James Baldwin & Sol Stein

Native Sons

“A friendship that endures might reasonably be defined as a house in which disagreements are confined to an attic that can be opened for memoirs but never for continuation of a former argument.”

“It was Sol Stein, high school buddy, editor, novelist, playwright, who first suggested this book.” James Baldwin (August 2, 1924 – December 1, 1987) wrote in the 1984 edition of his literary masterpiece, Notes of a Native Son.

“My reaction was not enthusiastic: as I remember, I told him that I was too young to publish my memoirs. […] Sol’s suggestion had the startling and unkind effect of causing me to realize that time had passed. It was as though he dashed cold water in my face.”

Photograph of James Baldwin, taken by Sol Stein, 1945.
One of the earliest known photos of James Baldwin. Taken by his friend and editor Sol Stein in 1945. Photo courtesy of Sol Stein’s book Native Sons.

Baldwin had only written fiction before his childhood friend Sol Stein (October 13, 1926 – September 19, 2019) pushed him to consolidate a few essays into a sort of memoir. “I had never thought of myself as an essayist: the idea had never entered my mind” Baldwin admits.

Photograph of Sol Stein, taken by James Baldwin, 1945.
Photograph of Sol Stein taken by James Baldwin in 1945. Photo courtesy of Sol Stein’s Native Sons.
“I don’t remember Baldwin’s resistance to doing the book.” counters Stein humbly, “I do remember the editorial process, helped by recently finding my line-by-line editorial notes and Baldwin’s responses, which are included in the correspondence section of the book. Writers can be wary of editors they don’t know well. By the time Baldwin and I had to deal with Notes of the Native Son, the overlay of a friendship of a dozen years made the process easier.”

Baldwin died in 1987 and in 2003, Stein cobbled together their editing notes, correspondence, and personal letters in Native Sons. It is a precious read brimming with personal voice from Stein and Baldwin – “When you read James Baldwin’s letters, he will speak to you too” writes Stein.

The two became friends at a DeWitt Clinton High School in the Bronx when Stein was thirteen and Baldwin was fifteen. “Clinton was a garden in which black and white teenagers could become fast friends” wrote Stein. The two talented and aspiring writers connected while working on the school’s literary publication The Magpie.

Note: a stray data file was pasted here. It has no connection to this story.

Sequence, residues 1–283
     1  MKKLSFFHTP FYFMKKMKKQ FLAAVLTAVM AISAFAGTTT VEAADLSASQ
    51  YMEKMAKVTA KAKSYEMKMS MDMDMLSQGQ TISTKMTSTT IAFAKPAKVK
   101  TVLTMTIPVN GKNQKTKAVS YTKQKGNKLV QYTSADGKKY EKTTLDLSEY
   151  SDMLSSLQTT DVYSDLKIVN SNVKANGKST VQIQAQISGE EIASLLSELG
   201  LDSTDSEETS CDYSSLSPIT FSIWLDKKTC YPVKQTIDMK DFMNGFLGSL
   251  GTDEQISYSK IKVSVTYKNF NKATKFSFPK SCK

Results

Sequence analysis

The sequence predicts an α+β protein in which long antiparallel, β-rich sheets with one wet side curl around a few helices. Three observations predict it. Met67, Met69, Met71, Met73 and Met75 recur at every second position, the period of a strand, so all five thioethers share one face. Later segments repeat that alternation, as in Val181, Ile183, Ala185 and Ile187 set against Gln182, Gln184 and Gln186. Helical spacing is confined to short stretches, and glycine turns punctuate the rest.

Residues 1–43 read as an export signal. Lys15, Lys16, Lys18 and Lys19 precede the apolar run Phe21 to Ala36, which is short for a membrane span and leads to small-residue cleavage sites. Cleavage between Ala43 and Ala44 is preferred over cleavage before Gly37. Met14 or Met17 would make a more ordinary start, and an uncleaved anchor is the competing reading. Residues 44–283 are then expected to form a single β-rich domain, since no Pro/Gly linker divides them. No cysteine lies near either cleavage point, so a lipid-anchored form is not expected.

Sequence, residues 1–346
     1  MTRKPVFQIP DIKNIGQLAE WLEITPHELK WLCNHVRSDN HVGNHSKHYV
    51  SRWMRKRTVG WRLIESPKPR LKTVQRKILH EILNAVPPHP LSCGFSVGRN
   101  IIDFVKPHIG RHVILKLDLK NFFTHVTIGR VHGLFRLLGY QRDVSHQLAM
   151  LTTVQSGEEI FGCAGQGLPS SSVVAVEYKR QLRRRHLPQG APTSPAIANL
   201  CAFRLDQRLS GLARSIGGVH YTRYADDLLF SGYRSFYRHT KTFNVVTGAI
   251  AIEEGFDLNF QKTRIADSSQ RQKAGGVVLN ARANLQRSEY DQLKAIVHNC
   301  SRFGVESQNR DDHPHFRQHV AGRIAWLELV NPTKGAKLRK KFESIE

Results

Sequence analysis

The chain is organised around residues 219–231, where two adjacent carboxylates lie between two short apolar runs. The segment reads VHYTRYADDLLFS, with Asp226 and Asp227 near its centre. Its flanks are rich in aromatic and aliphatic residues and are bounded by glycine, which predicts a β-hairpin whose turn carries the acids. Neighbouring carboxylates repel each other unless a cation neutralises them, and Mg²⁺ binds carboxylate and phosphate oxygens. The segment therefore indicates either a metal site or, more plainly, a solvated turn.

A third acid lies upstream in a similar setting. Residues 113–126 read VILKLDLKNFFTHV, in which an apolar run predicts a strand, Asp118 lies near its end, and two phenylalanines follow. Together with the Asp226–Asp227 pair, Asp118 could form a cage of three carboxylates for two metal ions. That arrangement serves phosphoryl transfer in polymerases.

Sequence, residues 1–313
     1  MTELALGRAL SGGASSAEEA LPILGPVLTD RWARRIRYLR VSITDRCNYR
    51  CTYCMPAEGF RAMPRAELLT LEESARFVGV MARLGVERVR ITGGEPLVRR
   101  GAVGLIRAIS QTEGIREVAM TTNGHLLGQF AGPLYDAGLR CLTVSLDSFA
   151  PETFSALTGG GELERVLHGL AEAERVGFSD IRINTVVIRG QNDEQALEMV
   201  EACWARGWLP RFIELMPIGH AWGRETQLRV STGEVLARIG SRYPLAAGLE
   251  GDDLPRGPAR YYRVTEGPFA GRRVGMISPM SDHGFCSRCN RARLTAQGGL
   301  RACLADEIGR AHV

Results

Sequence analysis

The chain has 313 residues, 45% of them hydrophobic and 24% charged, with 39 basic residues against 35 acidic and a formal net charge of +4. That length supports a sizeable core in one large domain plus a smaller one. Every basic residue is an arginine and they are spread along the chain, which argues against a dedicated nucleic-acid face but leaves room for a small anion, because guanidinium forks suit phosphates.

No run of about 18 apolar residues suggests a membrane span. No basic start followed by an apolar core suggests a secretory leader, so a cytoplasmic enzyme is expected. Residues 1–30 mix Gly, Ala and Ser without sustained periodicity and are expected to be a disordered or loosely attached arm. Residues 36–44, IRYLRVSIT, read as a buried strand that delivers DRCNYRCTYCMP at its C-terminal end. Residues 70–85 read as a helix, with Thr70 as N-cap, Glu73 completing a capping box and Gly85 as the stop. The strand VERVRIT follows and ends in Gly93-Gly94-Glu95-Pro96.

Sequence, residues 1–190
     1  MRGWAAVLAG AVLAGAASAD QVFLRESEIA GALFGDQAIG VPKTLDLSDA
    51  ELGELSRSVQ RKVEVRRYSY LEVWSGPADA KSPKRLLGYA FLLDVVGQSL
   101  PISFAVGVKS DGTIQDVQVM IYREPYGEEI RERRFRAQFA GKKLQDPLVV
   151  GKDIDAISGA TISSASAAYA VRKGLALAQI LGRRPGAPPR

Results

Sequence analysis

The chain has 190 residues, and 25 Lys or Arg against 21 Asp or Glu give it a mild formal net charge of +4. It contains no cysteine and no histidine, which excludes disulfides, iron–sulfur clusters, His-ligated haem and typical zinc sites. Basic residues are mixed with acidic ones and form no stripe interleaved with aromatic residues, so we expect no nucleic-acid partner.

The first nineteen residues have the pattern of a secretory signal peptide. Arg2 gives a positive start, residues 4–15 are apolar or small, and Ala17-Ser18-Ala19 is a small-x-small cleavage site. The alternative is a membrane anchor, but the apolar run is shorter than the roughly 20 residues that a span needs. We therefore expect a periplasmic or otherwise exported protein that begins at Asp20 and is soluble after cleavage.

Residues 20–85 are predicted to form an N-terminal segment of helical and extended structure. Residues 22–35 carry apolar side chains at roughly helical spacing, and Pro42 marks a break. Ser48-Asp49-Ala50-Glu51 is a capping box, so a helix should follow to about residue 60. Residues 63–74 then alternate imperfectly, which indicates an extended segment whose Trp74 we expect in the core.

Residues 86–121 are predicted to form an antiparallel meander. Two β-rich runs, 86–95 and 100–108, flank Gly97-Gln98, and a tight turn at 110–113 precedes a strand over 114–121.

A friendship that endures might reasonable be defined as a house in which disagreements are confined to an attic that can be opened for memoirs but never for continuation of a former argument. Baldwin and I came to our friendship with differences. He was black and I was white, he loved men and I loved women, he assumed his ancestors came to America in chains and i assumed my parents, who slipped over the border separately and illegally, came here because they had nowhere else to go. Despite the differences – we lived many miles apart – because of our friendship our families took a liking to each other.

Although Baldwin and Stein disagree how the creative endeavor came about and who was more eager, both men agree that without the elastic sinews of friendship Notes of a Native Son would never have been published.

James Baldwin's letter to Sol Stein, 1954.
Photo courtesy of Sol Stein’s Native Sons.

Like so many who have written about the duality of writing,1 Baldwin struggled with being misunderstood, unseen, “Because of what I had become in the minds of the people, I had ceased to belong to me.”

Stein writes:

Toward the end of his life, Baldwin said Notes of a Native Son was of crucial importance in his struggle to define himself in relation to his society, “I was trying to decipher my own situation, to spring my trap, and it seemed to me the only way I could address was not take the tone of the victim. As long as I saw myself as a victim, complaining about my wretched state as a black man in a white’s man’s country, it was hopeless. Everybody knows who the victim is as long as he’s howling. So I shifted the point of view to ‘we.’ Who is the ‘we’? I am talking about we, the American people.2